AT THE OLD LADIES’ HOME Poetry/Poem by Ruth Guthrie Harding (1882-?)

AT THE OLD LADIES’ HOME Poetry/Poem by Ruth Guthrie Harding (1882-?)

THERE in a row of chairs upon the porch
I saw them, women alien from the world,
Set in a niche to watch the world go by:
A few, born saints . . . but some had outworn sin;
Sisters at last, from having done with life.

Here Joan of Arc, grown past her soldier-dream,
And Mariamne, spared her Herod’s wrath,
Forgetting Herod, gossiped for an hour;
While calm Francesca, once knowing Paolo’s love,
Sat knitting peaceful in the noonday sun,
And Nicolette, with Aucassin long gone,
Made painful writing with a wrinkled hand.

“Ah, let me die,” I prayed, “before the glow
Shall leave my body, and before my tears
Shall buy me patience; take me while I feel
The lure-of-things that blesses with its hurt–
Dear God, give me not age!” (For I would keep
You in my heart of hearts . . . for whose sad eyes
These lines are set, O Dearest . . . to the last.)

Just then, among the many faces there,
I glimpsed a face most delicate and pale
And very lovely with that wistfulness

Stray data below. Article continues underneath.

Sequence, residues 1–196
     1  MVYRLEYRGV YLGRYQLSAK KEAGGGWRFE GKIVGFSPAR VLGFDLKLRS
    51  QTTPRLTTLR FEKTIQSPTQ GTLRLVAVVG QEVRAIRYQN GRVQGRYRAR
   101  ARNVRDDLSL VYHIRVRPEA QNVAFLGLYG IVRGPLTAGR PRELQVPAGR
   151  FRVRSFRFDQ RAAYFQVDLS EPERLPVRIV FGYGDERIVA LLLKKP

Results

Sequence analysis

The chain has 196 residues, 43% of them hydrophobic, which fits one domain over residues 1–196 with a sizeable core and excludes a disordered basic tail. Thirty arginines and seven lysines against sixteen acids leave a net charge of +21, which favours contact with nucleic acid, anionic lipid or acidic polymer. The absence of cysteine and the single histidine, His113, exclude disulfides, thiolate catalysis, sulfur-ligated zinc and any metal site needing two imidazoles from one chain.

In which the shadows of long sorrow lie;
Meeting my look, she smiled, and, with that smile,
Somehow the lilacs by the iron fence,
The plumed grass brushing low across the path,
Brought back to me an afternoon in May
And a sweet garden where I sometimes played
When I fared forth in gingham pinafore:
I saw Another (dead so many years,
Her name I could not in that hour recall):
Old she had been as ashes in a jar
She kept upon a high, old-fashioned chest
In an old-fashioned room in her still house . . .
Now I remembered with what passionate warmth
A cheek had once been pressed against my cheek,
What frail and trembling arms had lifted me
To touch that silvery dust within the jar.

Perhaps it is God’s will I shall grow old
And none may read beneath my quietness . . .
Gardens in May, or any memory
Of you! And yet for very shame to-night
I change my prayer, and ask for strength to live.

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